November 2007
Software Enabling Technologies for Petascale Science
Steven Parker, University of Utah
Rob Armstrong, Sandia National Laboratory
David Bernholdt, Oak Ridge National Laboratory
Tamara Dahlgren, Lawrence Livermore National Laboratory
Tom Epperly, Lawrence Livermore National Laboratory
Joseph Kenny, Sandia National Laboratory
Manoj Krishnan, Pacific Northwest National Laboratory
Gary Kumfert, Lawerence Livermore National Laboratory
Jay Larson, Argonne National Laboratory
Lois Curfman McInnes, Argonne National Laboratory
Jarek Nieplocha, Pacific Northwest National Laboratory
Jaideep Ray, Sandia National Laboratory
Sveta Shasharina, Tech-X Corporation

The CCA Component Model

Formally, the Common Component Architecture is a specification of an HPC-friendly component model. This specification provides a focus for an extensive research and development effort. The research effort emphasizes understanding how best to utilize and implement component-based software engineering practices in the high-performance scientific computing arena. The development effort creates practical reference implementations and helps scientific software developers use them to create CCA-compliant components and applications.

The CCA specification is expressed as a set of abstract interfaces7 written in the Scientific Interface Definition Language (SIDL). SIDL is used by the Babel language interoperability tool (discussed further below), which implicitly defines bindings to the various languages that Babel supports (currently Fortran 77, Fortran 90, C, C++, Python, and Java).

The primary players in a CCA application are Components that encapsulate a particular piece of software, Ports that define the interfaces between components, and Framework that glue the aforementioned components together and allow them to communicate through the ports that are defined. Figure 1 illustrates how several such components combine together to form a single application. This conceptual model should be familiar to anyone that has used component-based systems before, except that the components explicitly support parallelism and the ports facilitate fine-grained communication of large quantities of data without the copying that is inherent in many such systems.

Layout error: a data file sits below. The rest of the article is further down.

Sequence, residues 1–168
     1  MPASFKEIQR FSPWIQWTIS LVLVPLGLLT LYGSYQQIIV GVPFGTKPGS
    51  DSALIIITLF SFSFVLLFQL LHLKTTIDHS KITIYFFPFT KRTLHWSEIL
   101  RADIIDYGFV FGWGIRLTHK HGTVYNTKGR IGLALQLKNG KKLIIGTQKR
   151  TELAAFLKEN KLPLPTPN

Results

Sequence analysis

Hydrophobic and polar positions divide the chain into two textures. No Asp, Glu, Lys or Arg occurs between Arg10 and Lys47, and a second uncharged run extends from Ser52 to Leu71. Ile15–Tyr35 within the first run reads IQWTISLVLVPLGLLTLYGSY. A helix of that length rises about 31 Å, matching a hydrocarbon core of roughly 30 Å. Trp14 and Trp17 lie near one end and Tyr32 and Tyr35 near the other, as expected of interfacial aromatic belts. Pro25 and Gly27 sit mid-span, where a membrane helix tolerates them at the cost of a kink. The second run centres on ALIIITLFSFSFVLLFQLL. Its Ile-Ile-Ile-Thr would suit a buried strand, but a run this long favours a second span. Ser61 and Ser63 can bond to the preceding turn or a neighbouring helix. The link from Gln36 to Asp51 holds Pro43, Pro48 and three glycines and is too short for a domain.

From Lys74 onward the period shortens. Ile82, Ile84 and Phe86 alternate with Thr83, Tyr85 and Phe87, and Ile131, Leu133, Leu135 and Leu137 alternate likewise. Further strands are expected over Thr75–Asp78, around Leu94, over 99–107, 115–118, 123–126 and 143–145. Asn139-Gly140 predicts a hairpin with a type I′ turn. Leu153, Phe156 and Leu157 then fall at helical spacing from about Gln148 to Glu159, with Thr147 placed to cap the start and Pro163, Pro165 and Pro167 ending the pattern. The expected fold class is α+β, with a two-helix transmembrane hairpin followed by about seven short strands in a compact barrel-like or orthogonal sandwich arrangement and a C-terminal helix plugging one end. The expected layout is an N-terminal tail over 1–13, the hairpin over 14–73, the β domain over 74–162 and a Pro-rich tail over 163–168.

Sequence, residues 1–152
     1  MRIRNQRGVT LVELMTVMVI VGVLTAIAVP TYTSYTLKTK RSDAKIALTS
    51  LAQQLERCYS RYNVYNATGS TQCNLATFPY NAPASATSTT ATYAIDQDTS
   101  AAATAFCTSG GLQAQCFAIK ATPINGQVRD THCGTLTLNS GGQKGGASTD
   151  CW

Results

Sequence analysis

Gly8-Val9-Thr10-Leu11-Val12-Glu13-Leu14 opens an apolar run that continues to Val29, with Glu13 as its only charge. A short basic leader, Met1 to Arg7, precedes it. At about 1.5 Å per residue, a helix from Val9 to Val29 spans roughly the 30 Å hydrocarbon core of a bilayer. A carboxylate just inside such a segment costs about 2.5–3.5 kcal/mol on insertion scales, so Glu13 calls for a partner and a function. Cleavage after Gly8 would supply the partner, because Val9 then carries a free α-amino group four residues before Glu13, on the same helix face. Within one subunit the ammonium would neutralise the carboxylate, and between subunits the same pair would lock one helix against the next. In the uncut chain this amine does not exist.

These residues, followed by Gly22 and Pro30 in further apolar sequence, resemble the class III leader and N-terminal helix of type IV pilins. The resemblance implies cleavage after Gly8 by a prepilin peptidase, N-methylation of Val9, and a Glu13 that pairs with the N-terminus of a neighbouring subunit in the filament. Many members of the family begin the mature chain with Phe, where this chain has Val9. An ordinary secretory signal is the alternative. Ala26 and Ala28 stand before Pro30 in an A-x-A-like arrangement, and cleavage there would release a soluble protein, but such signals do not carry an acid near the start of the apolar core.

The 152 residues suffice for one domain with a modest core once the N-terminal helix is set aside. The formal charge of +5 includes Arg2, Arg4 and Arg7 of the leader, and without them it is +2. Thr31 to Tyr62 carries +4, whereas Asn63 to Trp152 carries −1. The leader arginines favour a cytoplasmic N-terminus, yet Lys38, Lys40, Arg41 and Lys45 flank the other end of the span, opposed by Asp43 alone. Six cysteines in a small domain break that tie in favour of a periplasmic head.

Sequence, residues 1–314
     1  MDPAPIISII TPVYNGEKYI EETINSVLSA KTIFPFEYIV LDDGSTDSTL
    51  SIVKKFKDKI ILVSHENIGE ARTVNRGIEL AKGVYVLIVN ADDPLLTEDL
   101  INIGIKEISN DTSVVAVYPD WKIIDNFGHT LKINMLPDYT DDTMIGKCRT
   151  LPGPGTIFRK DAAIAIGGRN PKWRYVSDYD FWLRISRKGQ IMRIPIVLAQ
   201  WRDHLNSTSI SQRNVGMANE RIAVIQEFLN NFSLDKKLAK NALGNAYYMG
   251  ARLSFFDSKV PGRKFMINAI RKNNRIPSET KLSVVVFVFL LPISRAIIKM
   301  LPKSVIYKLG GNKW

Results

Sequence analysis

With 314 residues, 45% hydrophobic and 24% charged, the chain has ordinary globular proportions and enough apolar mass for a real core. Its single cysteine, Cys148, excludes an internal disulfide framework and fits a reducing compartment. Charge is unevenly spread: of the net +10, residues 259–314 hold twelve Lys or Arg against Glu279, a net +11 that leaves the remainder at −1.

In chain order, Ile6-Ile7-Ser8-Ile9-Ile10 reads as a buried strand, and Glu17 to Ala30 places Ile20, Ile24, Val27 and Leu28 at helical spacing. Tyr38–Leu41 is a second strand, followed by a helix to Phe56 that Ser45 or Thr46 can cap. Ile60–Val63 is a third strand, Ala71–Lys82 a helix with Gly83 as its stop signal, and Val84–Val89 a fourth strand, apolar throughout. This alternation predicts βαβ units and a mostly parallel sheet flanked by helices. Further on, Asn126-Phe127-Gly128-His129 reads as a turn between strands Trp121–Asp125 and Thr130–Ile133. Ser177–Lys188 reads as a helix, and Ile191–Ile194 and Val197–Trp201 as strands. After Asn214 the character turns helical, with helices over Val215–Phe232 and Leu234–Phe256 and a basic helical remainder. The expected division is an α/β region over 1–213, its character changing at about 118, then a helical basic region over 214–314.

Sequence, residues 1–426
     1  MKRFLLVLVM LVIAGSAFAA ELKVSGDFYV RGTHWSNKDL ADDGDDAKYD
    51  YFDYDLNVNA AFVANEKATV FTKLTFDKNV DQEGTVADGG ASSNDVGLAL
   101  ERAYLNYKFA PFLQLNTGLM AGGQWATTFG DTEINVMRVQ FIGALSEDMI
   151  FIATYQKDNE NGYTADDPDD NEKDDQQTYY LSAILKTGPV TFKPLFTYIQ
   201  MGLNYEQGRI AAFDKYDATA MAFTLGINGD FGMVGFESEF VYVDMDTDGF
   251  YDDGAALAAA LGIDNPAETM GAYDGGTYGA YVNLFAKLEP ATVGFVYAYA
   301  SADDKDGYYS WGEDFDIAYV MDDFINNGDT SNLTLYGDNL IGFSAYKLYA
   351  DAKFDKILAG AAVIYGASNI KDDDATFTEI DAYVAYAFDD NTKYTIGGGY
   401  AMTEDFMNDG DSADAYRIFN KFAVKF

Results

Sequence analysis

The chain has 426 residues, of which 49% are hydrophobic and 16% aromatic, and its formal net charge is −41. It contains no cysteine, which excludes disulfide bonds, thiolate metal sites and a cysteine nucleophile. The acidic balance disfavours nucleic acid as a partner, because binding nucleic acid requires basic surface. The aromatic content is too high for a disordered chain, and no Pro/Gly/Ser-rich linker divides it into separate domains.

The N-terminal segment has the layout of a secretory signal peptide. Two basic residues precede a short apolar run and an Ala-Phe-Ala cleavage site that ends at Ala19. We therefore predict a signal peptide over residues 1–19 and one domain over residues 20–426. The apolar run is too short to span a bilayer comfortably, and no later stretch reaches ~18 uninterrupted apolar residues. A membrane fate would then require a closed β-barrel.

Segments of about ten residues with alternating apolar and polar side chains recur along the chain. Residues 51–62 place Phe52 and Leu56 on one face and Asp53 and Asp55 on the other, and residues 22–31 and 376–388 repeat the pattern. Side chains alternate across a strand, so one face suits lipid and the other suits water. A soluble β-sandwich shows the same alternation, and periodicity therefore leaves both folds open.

The core of the CCA specification is the Services interface. This is the primary means by which components interact with the framework, allowing the component to inform the framework of component capabilities and interfaces, and to request access to other services the framework may provide, such as information about connections between itself and other components, or the ability to instantiate and otherwise manipulate other components. The Services interface allows a component to declare two different types of ports, those that it will provide and those that it will use. These ports can also be thought of as callee and caller. These ports make it possible for a CCA framework to effectively mediate connections between components, and allows components to be assembled by another entity (a user through a GUI, a script, or even another component). The CCA component model espouses a minimalist approach, requiring only that components implement a single method/function (called setServices) that establishes contact between the component and the framework.

Figure 1

Figure 1. A CCA Component wiring diagram showing the interconnection of components in a reaction-diffusion combustion simulation.

CCA ports are simply a babel-described interface, and are also identified by a type and name. An optional set of properties associated with each port can describe additional functionality, such as the minimum/maximum number of connections. Components may provide multiple ports and even multiple instances of the same port. In addition to defining the port mechanism, the CCA specification also defines a number of specific ports that are useful in multiple applications, such as the GoPort (for starting an application), parameter ports for communicating basic configuration information to the application, and ports for communicating events to other components. The CCA reuses this port mechanism to export services provided by the framework that allow a component to assemble and manage other components, monitor available components, and watch for application events. Using this mechanism, graphical user interfaces become simply a component that is instantiated in the system and are not tied to the underlying framework. These services also allow dynamic behavior of the application itself, such as swapping components, and provide a mechanism for a hierarchy of components that are assembled at multiple levels of abstraction.

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Reference this article
Parker, S., Armstrong, R., Bernholdt, D., Dahlgren, T., Epperly, T., Kenny, J., Krishnan, M., Kumfert, G., Larson, J., McInnes, L. C., Nieplocha, J., Ray, J., Shasharina, S. "Enabling Advanced Scientific Computing Software," CTWatch Quarterly, Volume 3, Number 4, November 2007. http://www.ctwatch.org/quarterly/articles/2007/11/enabling-advanced-scientific-computing-software/

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